government was a little shrunk ; he recommended the
care of it.

He hath called for the accounts of the last circuit
from the judges to be transmitted unto him in Scotland..

Speecli before tlie Summer Circuits.

Touching the infestation of pirates, he hath been
careful, and is, and hath put things in a way.

All things that concern the reformation or the plan-
tation of Ireland, he hath given in them punctual and
resolute directions. All this in absence.

I give but a few instances of a public nature ; the
secrets of council I may not enter into, though his
dispatches into France, Spain, and the Low-Countries,
now in his absence, are also notorious as to the out-
ward sending. So that I must conclude that his Ma-
jesty wants but more kingdoms, for I see he could
suffice to all.

As for the other glass I told you of, of representing
to the King the griefs of his people, without doubt it
is properly your part ; for the King ought to be informed
of any thing amiss in the state of his countries from the
observations and relations of the judges, that indeed
know the public pulse of the country, rather than from
discourse. But for this glass, thanks be to God, I
do hear from you all, that there was never greater
peace, obedience, and contentment in the country ;
though the best governments be always like the
fairest chrystals, wherein every little icicle or grain is
seen, which in a fouler stone is never perceived.

Now to some particulars, and not many : of all
other things I must begin as the King begins ; that is
with the cause of religion, and especially the hollow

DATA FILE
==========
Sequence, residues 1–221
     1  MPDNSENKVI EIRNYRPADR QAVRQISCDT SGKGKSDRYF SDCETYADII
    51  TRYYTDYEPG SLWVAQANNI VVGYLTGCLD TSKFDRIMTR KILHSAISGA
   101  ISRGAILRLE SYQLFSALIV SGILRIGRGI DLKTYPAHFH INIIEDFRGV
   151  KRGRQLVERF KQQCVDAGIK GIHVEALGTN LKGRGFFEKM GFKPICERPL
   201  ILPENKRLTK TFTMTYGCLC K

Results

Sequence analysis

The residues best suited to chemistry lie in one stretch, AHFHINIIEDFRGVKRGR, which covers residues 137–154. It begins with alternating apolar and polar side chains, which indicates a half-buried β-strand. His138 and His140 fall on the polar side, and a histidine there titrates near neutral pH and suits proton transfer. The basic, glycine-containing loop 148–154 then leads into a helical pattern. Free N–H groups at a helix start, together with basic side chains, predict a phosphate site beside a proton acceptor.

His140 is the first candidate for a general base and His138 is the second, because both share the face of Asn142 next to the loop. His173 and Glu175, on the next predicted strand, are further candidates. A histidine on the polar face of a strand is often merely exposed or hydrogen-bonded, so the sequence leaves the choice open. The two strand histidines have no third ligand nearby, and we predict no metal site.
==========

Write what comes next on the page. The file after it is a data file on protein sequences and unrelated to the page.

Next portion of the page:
church-papist. St. Augustin hath a good comparison
of such men, affirming, that they are like the roots of
nettles, which themselves sting not, but yet they bear
all the stinging leaves : let me know of such roots,
and I will root them out of the country.

Next, for the matter of religion > in the principal
place I recommend both to you and to the justices, the
countenancing of godly and zealous preachers. I
mean not sectaries or novellists, but those which are
sound and conform, and yet pious and reverend : for
there will be a perpetual defection, except you keep
men in by preaching, as well as law doth by punish-
ing ; and commonly spiritual diseases are not cured
but by spiritual remedies.

K k 2

Speech before the Summer Circuits.

Next, let me commend unto you the repressing, as
much as may be, of faction in the countries, of which
ensue infinite inconveniencies, and perturbations of all
good order, and crossing of all good service in court
or country, or wheresoever. Cicero, when he was
consul, had devised a fine remedy, a mild one, but
an effectual and apt one, for he saith, Eos> qui otium
perturbant, reddam otiosos. Those that trouble others
quiet, I will give them quiet; they shall have nothing
to do, nor no authority shall be put into their hands.
If I may know from you, of any who are in the coun-
try that are heads or hands of faction, or men of
turbulent spirits ; I shall give them Cicero's reward,
as much as in me is.